The Mudcat Café TM
Thread #166522   Message #4072090
Posted By: Donuel
16-Sep-20 - 10:57 AM
Thread Name: MOAB - Mother of All BS [annex]
Subject: RE: MOAB - Mother of All BS [annex]
Until fairly recently, myxosporeans were considered to be protists, offshoots of the eukaryotic line that are neither plants, animals nor fungi. In 1995, however, Mark Siddall, then at the Virginia Institute of Marine Science, and his colleagues argued that myxosporeans are weird members of the cnidarians, the group that includes jellyfish and corals. Since then, genetic studies have bolstered that position.

Their location on the tree of life doesn’t explain how myxosporeans ended up with such strange traits. Myxosporeans boast some of the smallest known animal genomes. The genome of Kudoa iwatai, for example, is estimated to be a mere 22.5 megabases, considerably smaller than that of any other cnidarian genome. It’s less than one-twentieth the size of the genome of Polypodium hydriforme, a closely related cnidarian parasite.

Moreover, their genomes have not just been catastrophically reduced. They specifically lack certain genes thought to be essential for multicellular life. It’s not clear how or why a complex multicellular creature discarded these seemingly necessary genes along with huge chunks of its DNA.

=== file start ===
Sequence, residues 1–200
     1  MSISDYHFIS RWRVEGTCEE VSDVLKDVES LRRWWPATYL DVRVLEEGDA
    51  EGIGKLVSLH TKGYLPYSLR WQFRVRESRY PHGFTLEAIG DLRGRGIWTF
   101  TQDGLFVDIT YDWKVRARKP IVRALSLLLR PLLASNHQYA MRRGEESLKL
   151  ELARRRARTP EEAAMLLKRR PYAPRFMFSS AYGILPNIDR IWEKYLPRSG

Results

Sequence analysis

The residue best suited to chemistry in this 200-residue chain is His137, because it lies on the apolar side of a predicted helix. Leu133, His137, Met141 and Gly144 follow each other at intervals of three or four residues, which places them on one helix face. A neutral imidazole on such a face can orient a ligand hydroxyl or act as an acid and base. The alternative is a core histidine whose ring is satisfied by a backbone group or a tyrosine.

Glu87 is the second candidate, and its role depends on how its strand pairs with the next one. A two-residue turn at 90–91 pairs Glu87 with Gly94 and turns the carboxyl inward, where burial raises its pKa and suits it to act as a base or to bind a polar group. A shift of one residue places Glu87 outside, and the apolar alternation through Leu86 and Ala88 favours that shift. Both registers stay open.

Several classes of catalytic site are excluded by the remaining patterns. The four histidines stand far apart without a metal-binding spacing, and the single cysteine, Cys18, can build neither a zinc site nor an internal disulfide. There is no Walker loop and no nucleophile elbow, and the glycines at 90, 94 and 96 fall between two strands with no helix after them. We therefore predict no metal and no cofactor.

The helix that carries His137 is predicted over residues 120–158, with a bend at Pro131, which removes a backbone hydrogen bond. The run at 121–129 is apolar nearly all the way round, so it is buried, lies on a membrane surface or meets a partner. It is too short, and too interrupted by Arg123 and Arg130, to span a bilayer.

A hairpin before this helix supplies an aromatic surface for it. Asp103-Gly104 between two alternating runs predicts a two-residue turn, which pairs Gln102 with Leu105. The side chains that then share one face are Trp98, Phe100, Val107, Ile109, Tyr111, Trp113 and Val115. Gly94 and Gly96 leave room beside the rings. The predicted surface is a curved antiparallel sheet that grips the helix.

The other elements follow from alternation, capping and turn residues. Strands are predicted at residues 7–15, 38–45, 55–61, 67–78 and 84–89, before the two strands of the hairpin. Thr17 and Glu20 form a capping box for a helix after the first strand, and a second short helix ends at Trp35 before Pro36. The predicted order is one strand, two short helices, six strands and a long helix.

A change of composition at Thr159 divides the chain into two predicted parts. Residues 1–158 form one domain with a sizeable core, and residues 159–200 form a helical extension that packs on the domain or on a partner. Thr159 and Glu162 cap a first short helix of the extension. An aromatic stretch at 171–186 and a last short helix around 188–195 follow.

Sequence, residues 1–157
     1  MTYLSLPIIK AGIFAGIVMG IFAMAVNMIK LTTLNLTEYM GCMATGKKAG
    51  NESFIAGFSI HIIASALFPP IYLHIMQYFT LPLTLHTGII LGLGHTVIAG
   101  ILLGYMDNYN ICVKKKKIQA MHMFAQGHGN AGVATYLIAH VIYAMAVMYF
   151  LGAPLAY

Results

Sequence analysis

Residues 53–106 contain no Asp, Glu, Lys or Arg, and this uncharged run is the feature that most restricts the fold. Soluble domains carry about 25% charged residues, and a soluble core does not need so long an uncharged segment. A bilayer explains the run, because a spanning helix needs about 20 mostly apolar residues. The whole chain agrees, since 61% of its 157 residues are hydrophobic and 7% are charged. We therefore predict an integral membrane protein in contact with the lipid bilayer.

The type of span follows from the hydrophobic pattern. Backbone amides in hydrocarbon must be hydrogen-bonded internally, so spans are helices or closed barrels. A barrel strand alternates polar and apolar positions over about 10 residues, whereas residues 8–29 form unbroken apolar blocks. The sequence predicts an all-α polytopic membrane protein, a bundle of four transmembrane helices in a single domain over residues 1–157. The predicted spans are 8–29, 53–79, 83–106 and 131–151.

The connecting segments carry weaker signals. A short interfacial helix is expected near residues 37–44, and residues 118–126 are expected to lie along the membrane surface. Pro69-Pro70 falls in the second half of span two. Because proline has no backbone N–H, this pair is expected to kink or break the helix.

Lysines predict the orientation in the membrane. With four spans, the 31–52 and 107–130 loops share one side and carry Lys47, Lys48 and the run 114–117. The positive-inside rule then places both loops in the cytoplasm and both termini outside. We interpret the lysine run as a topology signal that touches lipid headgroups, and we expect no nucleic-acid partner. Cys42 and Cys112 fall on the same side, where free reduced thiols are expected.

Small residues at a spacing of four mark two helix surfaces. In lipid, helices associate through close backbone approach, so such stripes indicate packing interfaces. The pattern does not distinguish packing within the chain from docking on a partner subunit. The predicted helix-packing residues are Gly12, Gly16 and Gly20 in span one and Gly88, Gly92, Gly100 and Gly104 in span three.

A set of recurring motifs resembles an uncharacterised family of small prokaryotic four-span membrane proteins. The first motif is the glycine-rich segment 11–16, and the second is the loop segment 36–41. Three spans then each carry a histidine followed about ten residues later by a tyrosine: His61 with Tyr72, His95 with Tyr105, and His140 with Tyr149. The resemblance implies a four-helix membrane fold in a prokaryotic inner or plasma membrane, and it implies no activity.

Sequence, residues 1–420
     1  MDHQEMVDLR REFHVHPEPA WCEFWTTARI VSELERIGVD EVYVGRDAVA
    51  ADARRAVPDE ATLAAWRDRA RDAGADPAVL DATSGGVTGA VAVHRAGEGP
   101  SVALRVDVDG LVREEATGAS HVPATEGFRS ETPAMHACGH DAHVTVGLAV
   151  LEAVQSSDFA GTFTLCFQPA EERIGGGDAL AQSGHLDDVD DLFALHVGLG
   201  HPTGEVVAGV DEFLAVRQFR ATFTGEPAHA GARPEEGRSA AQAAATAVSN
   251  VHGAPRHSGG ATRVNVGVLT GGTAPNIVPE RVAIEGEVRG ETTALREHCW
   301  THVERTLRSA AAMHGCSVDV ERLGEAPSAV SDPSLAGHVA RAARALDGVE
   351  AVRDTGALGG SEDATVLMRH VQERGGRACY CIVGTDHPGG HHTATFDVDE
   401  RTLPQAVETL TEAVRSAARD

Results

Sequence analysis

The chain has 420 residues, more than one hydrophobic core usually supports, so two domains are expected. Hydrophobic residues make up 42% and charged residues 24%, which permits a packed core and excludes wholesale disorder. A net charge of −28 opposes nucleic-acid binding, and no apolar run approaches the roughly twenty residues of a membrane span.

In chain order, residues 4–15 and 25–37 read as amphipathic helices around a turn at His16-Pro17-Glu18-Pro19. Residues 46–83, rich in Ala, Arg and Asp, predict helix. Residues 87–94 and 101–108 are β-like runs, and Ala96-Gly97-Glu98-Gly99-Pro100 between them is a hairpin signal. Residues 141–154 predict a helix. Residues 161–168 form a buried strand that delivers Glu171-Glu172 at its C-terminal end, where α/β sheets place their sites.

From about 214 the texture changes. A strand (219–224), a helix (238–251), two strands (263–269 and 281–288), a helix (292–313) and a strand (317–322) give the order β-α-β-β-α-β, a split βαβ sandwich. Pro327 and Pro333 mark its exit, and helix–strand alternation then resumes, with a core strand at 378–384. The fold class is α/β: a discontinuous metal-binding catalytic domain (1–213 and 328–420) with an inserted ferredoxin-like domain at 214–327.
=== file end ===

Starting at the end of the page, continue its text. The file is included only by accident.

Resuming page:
Yet Alexander Panchin, a senior researcher at the Russian Academy of Sciences, and his colleagues have an intriguing if controversial hypothesis to explain it. Early this year, they proposed that myxosporeans initially branched off from their cnidarian kin not as independent animals but as tumors.

Evolutionary Scandals
Panchin knows the idea of cancer-derived animals sounds far-fetched — so much so that, in the paper, he and his co-authors refer to them as Scandals (an acronym for “speciated by cancer development animals”).

At first, Scandals were just a thought experiment. While Panchin was writing about transmissible cancers, he heard his colleagues express surprise at the genes for complex tissues that were turning up in certain unusual but simple parasitic animals. Further conversations led to what Panchin calls the “fantastic” idea that such simple parasites could have cancerous origins. “So we took all the data and we proposed this hypothesis,” he said.

According to Panchin’s three-step scenario, a Scandal would start off as a cancer, but not just any cancer. It would have to be transmissible, so that it wouldn’t die when its host did. Then the cancer would have to spread to other species, and then codependently evolve multicellularity. Panchin placed the Scandal tumors in sea water along with Hydro Sporodean jellfish and indeed a new species arose in the new jeuvenile immortal planulae.

In 2016 Panchin was declared missing and his lab was found in shambles. Mark Siddall said the biology world will mourn the loss of Dr. Panchin.